5 steps to advocate for more recess and play

Getty Images/iStockphoto

When most adults reflect on their childhoods, they remember recess as a time to make new friends, learn new games, and take a break from the classroom. With increased emphasis on test scores, many schools around the country have cut back on recess time, some eliminating it altogether. Recess is important, not only for the nostalgic reasons parents remember, but because the American Academy of Pediatrics asserts that ‘a safe and well-supervised recess offers cognitive, social, emotional, and physical benefits’ which are key to the development of the whole child.

Parents know play is important for their children, but what might not be as clear is that play is a key component of academic learning. Play has been proven to increase social-emotional skills such as cooperation and conflict-resolution. According to the American Journal of Public Health, elementary students with well-developed social emotional skills are twice as likely to obtain a college degree.

Does your child’s school have a mandatory recess period? Is your child allowed brain breaks to engage in safe, healthy play? Here are some steps that you can take to advocate for more play:

Educate yourself about the benefits of recess and play.

For example, did you know that the experience of play changes the connections of the neurons at the front end of your brain?

Visit your child’s school at recess time.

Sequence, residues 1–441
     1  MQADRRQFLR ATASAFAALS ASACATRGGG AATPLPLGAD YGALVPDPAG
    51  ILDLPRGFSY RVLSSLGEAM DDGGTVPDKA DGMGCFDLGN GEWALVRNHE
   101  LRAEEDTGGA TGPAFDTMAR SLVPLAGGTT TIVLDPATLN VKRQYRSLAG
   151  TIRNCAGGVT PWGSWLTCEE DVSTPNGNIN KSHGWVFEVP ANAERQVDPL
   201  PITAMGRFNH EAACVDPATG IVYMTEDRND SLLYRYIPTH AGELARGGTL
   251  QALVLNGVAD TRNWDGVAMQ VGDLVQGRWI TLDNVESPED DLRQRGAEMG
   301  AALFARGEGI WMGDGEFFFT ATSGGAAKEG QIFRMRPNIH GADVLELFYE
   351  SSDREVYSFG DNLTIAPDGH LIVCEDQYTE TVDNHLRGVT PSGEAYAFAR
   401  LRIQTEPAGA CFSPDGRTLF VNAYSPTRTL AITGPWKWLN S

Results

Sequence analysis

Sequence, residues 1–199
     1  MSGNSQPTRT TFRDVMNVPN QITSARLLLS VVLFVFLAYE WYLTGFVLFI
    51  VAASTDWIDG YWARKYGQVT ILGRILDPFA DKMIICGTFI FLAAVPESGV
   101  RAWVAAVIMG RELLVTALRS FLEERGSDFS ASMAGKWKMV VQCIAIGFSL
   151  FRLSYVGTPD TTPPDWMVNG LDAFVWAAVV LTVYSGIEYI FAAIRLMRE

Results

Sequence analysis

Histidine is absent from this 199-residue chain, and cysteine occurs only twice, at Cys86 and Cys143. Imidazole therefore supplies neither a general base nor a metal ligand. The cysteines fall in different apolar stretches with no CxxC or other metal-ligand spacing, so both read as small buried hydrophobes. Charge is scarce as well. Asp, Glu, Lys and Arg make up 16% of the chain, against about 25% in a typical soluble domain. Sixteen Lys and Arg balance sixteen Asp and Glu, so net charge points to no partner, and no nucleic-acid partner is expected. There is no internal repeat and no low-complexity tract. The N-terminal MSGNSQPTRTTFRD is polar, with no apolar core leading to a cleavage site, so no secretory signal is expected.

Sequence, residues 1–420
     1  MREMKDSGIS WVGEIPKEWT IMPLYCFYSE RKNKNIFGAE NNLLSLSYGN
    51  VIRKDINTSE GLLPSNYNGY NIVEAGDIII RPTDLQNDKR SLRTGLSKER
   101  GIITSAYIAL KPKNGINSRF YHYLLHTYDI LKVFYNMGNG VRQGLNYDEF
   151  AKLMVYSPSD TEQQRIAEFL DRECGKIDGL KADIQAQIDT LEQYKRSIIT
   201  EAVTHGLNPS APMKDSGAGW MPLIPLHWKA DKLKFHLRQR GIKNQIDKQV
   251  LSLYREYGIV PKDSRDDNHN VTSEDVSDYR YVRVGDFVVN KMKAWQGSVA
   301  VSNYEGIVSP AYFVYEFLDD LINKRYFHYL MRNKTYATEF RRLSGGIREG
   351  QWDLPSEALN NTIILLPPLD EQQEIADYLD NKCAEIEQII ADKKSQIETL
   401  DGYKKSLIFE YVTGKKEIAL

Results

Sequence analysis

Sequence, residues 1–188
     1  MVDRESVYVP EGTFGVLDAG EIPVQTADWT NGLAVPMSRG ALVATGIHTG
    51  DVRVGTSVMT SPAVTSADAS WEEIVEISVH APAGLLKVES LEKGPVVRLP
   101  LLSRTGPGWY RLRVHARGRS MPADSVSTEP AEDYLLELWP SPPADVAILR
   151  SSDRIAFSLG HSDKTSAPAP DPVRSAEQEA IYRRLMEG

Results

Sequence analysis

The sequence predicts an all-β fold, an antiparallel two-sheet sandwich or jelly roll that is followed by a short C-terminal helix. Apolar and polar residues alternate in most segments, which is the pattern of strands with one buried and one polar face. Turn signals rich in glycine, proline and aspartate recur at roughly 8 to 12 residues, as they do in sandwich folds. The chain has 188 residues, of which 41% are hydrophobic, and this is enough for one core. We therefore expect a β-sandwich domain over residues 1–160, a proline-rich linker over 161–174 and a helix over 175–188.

Look for issues that affect the majority of children and take along a recess checklist to keep track of the things that you observe.

Find out the recess backstory by talking to the principal, teachers or a member of the school staff.

Recess may have been cut back to meet state requirements for increased instructional time, because of a lack of playground supervision resources, or to reduce the number of disciplinary referrals. Having insight into how your child’s school got to their current structure will help inform your future approach.

Involve the community.

Collaborate with other parents who share your concerns and goals, and get your local PTO or PTA involved. Recess is a school issue and not a teacher issue, so having a parent’s forum with school administrators either before or after a PTA meeting might be best.

Volunteer at your child’s school recess

Seek training from your school’s recess staff or principal. There are many online resources to help inspire you out on the playground.

Would you like more guidance on how to approach your child’s school about recess? Playworks, the leading nonprofit in providing safe and healthy play resources for playgrounds across the nation, has a recess toolkit to help get you started.